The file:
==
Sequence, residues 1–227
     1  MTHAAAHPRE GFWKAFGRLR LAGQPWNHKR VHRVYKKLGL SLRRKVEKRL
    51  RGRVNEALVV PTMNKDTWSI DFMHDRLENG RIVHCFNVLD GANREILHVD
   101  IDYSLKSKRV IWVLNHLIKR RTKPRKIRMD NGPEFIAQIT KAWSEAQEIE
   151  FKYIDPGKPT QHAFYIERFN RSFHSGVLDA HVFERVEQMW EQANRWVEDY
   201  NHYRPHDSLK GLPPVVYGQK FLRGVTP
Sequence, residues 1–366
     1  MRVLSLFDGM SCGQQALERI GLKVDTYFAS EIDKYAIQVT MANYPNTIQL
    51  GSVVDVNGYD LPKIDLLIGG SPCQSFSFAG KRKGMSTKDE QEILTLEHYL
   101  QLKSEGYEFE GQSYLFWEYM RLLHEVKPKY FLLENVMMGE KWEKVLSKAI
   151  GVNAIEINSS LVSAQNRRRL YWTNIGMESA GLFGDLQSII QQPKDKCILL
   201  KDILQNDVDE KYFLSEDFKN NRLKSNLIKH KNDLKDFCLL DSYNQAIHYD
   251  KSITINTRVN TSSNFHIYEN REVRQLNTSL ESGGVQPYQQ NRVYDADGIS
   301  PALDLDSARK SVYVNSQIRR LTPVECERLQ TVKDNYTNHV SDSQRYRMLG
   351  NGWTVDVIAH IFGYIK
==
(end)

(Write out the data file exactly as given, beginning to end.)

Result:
Sequence, residues 1–227
     1  MTHAAAHPRE GFWKAFGRLR LAGQPWNHKR VHRVYKKLGL SLRRKVEKRL
    51  RGRVNEALVV PTMNKDTWSI DFMHDRLENG RIVHCFNVLD GANREILHVD
   101  IDYSLKSKRV IWVLNHLIKR RTKPRKIRMD NGPEFIAQIT KAWSEAQEIE
   151  FKYIDPGKPT QHAFYIERFN RSFHSGVLDA HVFERVEQMW EQANRWVEDY
   201  NHYRPHDSLK GLPPVVYGQK FLRGVTP
Sequence, residues 1–366
     1  MRVLSLFDGM SCGQQALERI GLKVDTYFAS EIDKYAIQVT MANYPNTIQL
    51  GSVVDVNGYD LPKIDLLIGG SPCQSFSFAG KRKGMSTKDE QEILTLEHYL
   101  QLKSEGYEFE GQSYLFWEYM RLLHEVKPKY FLLENVMMGE KWEKVLSKAI
   151  GVNAIEINSS LVSAQNRRRL YWTNIGMESA GLFGDLQSII QQPKDKCILL
   201  KDILQNDVDE KYFLSEDFKN NRLKSNLIKH KNDLKDFCLL DSYNQAIHYD
   251  KSITINTRVN TSSNFHIYEN REVRQLNTSL ESGGVQPYQQ NRVYDADGIS
   301  PALDLDSARK SVYVNSQIRR LTPVECERLQ TVKDNYTNHV SDSQRYRMLG
   351  NGWTVDVIAH IFGYIK